Most students don’t know how to begin a presentation.
That’s not profound, you say? You may, in fact, believe that it’s outright false.
Of course you know how to begin a presentation, right?
What kind of fool does this guy think I am?
But do you? Really?
Does your intro have Presentation Pow?
Consider for a moment . . .
Do you begin confidently and strongly?
Or do you tiptoe into your presentation, as do so many people in school and in the corporate world?
Do you sidle into it? Do you edge sideways into your show with lots of metaphorical throat-clearing.
Do you back into it?
Do you actually start strong with a story, but let the story spiral out of control until it overshadows your main points? Is your story even relevant?
Do you shift and dance?
Are you like a turtle poking his head out of his shell, eyeing the audience, ready to dart back to safety if you catch even a single frown?
Do you crouch behind the podium like a soldier in his bunker?
Do you drone through the presentation, your voice monotone, your eyes glazed, fingers crossed, actually hoping that no one notices you?
No Presentation Pow . . .
This lack of Presentation Pow is exemplified for me by an example I experienced several years ago.
I was viewing a practice presentation that purported to analyze a Sears case. The lead presenter was Janie. She began speaking, and she related facts about the history of the company and its accomplishments over the past 60 years.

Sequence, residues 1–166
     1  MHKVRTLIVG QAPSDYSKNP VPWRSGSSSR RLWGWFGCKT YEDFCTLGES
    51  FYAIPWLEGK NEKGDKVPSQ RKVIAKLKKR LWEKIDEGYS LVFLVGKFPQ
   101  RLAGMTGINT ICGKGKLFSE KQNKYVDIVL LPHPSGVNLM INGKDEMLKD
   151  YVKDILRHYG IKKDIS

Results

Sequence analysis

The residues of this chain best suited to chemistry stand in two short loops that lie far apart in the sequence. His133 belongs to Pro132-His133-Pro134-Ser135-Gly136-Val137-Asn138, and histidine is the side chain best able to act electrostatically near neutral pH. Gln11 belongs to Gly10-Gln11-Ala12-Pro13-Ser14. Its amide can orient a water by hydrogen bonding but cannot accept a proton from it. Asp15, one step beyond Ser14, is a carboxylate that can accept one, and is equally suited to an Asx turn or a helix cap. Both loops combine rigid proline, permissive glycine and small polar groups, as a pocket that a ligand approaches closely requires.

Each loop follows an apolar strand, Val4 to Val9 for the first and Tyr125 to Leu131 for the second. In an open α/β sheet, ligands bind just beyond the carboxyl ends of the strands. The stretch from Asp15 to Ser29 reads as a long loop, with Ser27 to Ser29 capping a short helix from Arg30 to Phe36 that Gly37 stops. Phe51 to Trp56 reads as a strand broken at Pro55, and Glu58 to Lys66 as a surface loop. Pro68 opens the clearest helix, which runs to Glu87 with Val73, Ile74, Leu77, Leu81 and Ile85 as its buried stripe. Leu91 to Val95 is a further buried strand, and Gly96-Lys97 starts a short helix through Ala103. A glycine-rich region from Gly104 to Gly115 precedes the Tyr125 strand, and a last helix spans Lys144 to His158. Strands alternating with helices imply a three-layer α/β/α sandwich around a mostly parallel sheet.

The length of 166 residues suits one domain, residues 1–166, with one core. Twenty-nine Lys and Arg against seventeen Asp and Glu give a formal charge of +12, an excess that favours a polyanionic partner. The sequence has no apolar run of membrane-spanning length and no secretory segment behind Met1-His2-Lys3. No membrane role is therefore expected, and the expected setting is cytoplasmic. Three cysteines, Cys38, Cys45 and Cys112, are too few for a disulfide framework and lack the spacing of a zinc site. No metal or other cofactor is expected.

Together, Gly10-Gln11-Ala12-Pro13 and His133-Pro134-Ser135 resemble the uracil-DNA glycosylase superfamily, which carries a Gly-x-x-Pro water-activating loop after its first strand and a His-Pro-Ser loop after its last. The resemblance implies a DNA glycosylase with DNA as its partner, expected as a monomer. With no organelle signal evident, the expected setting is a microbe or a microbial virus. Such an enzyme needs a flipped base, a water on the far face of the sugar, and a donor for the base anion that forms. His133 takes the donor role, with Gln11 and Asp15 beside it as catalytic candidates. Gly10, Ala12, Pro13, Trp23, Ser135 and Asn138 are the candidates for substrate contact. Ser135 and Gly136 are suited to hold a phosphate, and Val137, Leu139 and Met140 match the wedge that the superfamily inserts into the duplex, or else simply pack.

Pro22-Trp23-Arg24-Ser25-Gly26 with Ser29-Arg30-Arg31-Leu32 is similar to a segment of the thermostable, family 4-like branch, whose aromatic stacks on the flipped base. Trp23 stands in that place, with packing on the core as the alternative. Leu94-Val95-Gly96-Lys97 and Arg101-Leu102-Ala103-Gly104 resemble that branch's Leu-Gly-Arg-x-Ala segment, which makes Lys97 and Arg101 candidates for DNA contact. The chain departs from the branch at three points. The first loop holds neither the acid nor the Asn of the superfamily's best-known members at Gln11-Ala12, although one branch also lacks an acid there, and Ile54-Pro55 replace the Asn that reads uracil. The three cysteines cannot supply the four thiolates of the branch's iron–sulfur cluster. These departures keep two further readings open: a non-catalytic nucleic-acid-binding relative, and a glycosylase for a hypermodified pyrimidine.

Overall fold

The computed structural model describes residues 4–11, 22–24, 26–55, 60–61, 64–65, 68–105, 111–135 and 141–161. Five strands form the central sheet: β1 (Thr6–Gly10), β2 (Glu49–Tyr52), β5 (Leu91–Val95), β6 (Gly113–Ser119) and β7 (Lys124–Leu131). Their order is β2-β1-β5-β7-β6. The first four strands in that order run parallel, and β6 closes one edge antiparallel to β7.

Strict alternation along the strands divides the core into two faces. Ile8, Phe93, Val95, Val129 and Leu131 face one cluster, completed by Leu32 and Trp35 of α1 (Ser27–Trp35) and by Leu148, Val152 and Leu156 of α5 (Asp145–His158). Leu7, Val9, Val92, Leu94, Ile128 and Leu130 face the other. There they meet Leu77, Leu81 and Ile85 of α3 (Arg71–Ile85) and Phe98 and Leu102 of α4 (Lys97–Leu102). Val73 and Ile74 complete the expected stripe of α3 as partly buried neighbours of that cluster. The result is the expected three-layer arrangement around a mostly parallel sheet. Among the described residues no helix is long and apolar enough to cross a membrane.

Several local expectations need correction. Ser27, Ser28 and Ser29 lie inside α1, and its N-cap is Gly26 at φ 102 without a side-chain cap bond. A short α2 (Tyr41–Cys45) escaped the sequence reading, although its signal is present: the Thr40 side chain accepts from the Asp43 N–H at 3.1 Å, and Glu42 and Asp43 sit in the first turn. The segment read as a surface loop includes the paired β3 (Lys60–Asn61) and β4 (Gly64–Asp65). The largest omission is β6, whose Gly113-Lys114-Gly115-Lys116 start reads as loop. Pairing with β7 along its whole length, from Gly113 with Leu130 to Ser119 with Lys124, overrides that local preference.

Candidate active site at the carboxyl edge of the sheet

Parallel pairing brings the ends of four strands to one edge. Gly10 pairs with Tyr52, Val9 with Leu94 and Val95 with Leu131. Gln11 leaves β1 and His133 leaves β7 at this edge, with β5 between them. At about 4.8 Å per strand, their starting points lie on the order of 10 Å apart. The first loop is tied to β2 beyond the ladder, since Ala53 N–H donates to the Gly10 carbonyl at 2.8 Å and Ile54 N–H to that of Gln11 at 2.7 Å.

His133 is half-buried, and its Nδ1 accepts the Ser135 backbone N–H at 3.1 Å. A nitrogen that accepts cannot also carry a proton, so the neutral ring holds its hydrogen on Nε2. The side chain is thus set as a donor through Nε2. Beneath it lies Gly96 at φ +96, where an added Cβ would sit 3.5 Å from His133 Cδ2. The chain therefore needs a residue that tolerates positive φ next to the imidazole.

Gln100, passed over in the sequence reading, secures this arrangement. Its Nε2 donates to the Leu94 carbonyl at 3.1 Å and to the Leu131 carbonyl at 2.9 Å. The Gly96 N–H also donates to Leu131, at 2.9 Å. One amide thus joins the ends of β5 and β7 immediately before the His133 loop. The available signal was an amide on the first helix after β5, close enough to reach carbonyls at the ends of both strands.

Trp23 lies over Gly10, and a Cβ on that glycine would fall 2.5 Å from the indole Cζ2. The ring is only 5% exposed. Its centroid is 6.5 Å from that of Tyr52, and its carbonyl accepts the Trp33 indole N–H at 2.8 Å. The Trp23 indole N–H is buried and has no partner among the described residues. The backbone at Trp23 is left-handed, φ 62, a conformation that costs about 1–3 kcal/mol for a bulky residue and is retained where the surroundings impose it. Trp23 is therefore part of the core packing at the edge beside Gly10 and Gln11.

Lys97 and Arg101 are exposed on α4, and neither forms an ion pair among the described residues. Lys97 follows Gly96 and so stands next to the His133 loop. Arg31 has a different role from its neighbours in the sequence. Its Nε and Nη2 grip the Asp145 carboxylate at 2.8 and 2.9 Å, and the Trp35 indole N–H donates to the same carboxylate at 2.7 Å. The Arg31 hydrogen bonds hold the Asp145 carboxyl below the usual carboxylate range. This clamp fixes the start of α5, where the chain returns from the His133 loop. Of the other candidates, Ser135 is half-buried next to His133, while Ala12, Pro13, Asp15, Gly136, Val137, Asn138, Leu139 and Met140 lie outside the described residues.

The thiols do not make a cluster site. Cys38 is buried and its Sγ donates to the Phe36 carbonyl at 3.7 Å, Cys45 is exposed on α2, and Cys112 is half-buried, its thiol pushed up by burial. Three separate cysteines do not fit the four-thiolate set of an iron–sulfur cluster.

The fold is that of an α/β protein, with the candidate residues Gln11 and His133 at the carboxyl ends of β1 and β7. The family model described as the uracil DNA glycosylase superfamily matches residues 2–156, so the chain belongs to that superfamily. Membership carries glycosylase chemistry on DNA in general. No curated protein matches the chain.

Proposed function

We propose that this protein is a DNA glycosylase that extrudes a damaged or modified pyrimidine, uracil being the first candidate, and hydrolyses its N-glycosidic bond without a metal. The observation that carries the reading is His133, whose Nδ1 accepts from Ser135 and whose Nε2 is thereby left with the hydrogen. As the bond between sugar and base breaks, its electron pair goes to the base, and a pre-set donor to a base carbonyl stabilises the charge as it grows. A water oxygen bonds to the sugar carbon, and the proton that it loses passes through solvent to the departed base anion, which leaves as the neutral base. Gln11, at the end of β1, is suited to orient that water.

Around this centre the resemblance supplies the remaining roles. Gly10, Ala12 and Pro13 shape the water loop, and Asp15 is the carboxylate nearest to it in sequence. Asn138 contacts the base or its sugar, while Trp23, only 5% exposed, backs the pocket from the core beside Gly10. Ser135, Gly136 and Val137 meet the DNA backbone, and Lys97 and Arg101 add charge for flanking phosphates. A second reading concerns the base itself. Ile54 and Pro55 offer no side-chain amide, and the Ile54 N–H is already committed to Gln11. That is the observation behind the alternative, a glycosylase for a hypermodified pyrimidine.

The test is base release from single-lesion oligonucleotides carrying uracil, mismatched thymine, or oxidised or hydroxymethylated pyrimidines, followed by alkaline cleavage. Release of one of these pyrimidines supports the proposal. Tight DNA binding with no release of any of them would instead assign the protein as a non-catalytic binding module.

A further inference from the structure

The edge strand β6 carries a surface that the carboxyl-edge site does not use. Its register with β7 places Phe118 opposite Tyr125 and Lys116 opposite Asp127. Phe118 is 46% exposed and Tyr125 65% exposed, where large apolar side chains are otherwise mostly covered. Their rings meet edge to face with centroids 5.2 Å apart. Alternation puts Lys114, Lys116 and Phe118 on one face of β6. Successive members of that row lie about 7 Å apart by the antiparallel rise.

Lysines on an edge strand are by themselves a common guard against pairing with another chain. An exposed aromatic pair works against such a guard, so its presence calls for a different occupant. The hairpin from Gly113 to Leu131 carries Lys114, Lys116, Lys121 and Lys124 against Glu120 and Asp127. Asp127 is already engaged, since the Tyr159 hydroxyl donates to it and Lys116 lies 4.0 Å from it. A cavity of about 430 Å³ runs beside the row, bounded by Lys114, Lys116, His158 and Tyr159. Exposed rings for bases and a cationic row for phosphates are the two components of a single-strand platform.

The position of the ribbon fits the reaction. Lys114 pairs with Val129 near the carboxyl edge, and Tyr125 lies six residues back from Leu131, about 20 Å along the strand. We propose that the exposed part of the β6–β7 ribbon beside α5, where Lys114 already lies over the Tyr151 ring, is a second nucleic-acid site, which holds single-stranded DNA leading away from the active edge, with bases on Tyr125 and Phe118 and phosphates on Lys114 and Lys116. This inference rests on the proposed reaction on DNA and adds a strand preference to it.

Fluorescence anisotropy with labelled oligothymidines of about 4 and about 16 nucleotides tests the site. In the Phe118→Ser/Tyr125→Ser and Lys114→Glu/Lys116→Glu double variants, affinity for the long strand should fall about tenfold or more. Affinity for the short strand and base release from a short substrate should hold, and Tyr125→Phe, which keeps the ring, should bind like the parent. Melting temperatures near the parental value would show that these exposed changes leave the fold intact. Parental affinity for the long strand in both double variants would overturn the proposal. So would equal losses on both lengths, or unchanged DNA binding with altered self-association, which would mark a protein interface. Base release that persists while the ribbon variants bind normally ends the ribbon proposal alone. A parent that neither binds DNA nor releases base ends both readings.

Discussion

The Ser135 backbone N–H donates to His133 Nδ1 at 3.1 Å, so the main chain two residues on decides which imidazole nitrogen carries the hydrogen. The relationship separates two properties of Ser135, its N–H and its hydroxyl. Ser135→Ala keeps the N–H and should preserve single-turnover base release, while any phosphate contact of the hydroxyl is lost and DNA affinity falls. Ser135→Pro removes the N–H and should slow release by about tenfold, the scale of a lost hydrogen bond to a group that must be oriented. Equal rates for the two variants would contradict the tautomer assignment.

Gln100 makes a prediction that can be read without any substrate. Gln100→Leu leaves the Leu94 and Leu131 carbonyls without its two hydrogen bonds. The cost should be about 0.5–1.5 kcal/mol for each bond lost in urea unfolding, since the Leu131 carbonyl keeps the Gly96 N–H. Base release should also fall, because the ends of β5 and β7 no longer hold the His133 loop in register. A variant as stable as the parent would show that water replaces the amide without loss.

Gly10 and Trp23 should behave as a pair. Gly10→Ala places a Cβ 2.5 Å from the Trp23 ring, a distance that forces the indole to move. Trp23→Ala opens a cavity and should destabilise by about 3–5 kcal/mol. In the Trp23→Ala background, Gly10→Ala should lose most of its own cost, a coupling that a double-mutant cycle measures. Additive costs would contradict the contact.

She spoke in monotone.
She flashed a timeline on the screen. Little pictures and graphics highlighted her points.
I wondered at what all of this might mean. I waited for a linking thread.
I waited for her main point. As the four-minute mark approached, my brow furrowed. The linking thread had not come.
It dawned on me that she had no point. The linking thread would never come.
At the end of her segment, I asked her:
“Janie, what was that beginning all about? How did your segment relate to Sears strategic challenges in the case at hand?”
“Those were just random facts,” she said.
“Yes!” she said brightly.
And she was quite ingenuous about it.
She was giving “random facts,” and she thought that it was acceptable to begin a business case presentation this way. I do not say this to disparage her. Not at all.
In fact, she later became one of my most coachable students, improving her presentation skills tremendously, and has since progressed to graduate school.
But what could convince a student that an assembly of “random facts” is acceptable at the beginning of a presentation? Is it the notion that anything you say at the beginning is okay?
Let’s go over the beginning, shall we?
Together, let’s craft a template beginning that you can always use, no matter what your show is about. When you become comfortable with it, you can then modify it to suit the occasion.
Set the Stage with Your Situation Statement
You begin with your introduction. Here, you present the Situation Statement.
The Situation Statement tells your audience what they will hear. It’s the reason you and your audience are there. What will you tell them?